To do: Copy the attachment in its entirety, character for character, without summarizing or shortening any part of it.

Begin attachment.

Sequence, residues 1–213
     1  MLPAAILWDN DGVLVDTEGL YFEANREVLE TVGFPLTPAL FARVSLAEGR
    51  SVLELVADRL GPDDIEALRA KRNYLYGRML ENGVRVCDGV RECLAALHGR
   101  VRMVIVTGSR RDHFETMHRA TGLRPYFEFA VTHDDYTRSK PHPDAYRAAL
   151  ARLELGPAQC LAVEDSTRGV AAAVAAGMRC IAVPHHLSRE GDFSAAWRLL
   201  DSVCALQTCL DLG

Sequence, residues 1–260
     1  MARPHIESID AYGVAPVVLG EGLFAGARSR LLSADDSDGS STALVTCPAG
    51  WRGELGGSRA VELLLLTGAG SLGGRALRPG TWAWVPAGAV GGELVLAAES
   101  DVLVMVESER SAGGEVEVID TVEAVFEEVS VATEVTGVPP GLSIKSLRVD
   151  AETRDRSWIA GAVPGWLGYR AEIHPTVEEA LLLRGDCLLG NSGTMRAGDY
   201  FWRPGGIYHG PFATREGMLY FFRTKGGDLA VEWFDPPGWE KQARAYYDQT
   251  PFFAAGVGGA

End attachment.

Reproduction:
Sequence, residues 1–213
     1  MLPAAILWDN DGVLVDTEGL YFEANREVLE TVGFPLTPAL FARVSLAEGR
    51  SVLELVADRL GPDDIEALRA KRNYLYGRML ENGVRVCDGV RECLAALHGR
   101  VRMVIVTGSR RDHFETMHRA TGLRPYFEFA VTHDDYTRSK PHPDAYRAAL
   151  ARLELGPAQC LAVEDSTRGV AAAVAAGMRC IAVPHHLSRE GDFSAAWRLL
   201  DSVCALQTCL DLG

Sequence, residues 1–260
     1  MARPHIESID AYGVAPVVLG EGLFAGARSR LLSADDSDGS STALVTCPAG
    51  WRGELGGSRA VELLLLTGAG SLGGRALRPG TWAWVPAGAV GGELVLAAES
   101  DVLVMVESER SAGGEVEVID TVEAVFEEVS VATEVTGVPP GLSIKSLRVD
   151  AETRDRSWIA GAVPGWLGYR AEIHPTVEEA LLLRGDCLLG NSGTMRAGDY
   201  FWRPGGIYHG PFATREGMLY FFRTKGGDLA VEWFDPPGWE KQARAYYDQT
   251  PFFAAGVGGA